Themes and Goals
This unit uses New York City’s Chinatown as a site for the study of the immigrant experience in the United States. Beginning with the arrival of the first wave of Chinese immigrants in the 1840s and ending in the present-day, the unit introduces students to the complex politics that shape immigrant life in one of the nation’s most vibrant ethnic neighborhoods. Through the study of this neighborhood, its politics, and its history, students will gain a better understanding of political and institutional dynamics at work not only in New York, but also in cities and communities around the country.
The primary goal of this unit is to understand the relationship between politics and ethnicity and between community-based politics and those of the larger nation-state. The unit will also help students understand different strategies that groups of people have used to exercise political power. They will explore diaspora politics and the obstacles that have historically kept immigrant communities from fully exercising their political and legal rights in the larger American polity. Students will come away from this unit with a greater understanding of the immigrant experience. More specifically, they will come to better understand the relationship between identity and politics; that identity can be shaped by politics and by the government. Identity is not just something people are born with. Different groups in society interact with the political system in different ways and these interactions have changed over time.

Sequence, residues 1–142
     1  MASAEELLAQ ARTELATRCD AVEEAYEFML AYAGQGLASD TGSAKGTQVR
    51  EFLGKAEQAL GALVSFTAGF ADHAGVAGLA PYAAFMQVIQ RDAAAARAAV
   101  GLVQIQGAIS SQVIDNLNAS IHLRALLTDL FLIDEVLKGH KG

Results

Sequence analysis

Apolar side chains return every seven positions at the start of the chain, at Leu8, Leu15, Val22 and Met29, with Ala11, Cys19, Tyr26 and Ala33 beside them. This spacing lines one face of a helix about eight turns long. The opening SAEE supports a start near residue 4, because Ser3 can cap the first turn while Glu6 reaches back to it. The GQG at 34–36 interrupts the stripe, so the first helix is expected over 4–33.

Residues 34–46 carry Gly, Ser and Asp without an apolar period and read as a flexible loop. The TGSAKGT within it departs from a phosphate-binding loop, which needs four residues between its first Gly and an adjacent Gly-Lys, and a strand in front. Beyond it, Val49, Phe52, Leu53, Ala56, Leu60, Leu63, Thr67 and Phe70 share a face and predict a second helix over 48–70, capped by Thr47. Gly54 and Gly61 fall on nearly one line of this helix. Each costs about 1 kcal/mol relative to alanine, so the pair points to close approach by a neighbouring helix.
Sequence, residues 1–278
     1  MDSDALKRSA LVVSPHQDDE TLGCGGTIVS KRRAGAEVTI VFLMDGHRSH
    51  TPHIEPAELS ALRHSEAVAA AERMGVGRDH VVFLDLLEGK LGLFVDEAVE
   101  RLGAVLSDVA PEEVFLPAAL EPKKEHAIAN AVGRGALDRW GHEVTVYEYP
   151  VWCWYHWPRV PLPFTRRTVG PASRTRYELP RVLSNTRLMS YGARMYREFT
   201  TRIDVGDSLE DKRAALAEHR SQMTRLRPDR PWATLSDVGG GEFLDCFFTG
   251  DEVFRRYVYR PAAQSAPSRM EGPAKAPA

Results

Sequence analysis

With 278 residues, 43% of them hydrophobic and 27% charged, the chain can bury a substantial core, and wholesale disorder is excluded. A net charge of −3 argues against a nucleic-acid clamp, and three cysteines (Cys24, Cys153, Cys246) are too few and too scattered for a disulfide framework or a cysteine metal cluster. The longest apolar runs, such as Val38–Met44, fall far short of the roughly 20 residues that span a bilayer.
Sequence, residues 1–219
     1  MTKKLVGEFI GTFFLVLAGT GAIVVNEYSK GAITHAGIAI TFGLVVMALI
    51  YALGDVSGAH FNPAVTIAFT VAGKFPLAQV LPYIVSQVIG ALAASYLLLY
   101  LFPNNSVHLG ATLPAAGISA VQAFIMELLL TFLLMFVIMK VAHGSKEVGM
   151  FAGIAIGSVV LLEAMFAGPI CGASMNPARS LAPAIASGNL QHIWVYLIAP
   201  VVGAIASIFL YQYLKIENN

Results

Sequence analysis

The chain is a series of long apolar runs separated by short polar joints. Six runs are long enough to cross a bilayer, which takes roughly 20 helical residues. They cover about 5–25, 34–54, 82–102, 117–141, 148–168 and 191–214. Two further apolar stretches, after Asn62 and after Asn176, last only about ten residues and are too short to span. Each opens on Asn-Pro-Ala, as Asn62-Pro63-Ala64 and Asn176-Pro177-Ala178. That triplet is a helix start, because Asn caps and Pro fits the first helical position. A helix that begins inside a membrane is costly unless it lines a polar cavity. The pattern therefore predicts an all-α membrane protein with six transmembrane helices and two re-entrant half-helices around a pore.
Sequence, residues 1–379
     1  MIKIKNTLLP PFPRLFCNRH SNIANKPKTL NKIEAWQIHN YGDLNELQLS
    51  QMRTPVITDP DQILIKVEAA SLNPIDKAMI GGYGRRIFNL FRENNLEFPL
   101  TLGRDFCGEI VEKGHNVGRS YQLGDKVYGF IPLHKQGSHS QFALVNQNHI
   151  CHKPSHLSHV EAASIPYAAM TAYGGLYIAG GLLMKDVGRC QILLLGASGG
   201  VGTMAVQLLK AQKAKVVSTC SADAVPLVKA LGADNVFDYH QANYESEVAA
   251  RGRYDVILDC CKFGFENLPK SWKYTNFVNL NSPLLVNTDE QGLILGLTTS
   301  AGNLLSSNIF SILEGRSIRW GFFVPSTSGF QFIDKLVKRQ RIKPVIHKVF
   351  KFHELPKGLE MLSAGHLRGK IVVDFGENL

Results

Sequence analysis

For many people the following are new ideas: that politics can shape identity (as opposed to identity being organic and immutable), that political institutions have a profound impact on the types of political mobilization that can and will occur, and that political institutions can empower or marginalize a community. It is logical to start with the belief that people have certain cultural, ethnic, and religious traits or beliefs and that these factors will impact how they behave politically. Scholars have found that the political system and political processes can play a role in shaping identity. For example, how the U.S. census categorizes groups can impact how people identify themselves and what types of groups get funding and recognition from the government. There is some concern in black and Asian communities that the creation of a “biracial” or “multiracial” box will shrink the number of people counted as “black” or “Asian.” Smaller census numbers can mean less public funding and less political influence.
Political institutions and actions can encourage or repress community behavior. For example, major political parties and individual candidates have sought out wealthy Asian donors to their campaigns, but have not worked hard at trying to increase voter turnout among Asians because too few are citizens of the U.S. and registered to vote. This dynamic has limited Asian influence over party platforms and public policy.
The types of community organizations that exist internally (within the Chinese community in this case) can shape how community members address the larger polity. Sometimes community organizations act as tools to get individuals more involved in the political process, and sometimes community organizations serve to constrain political mobilization or participation.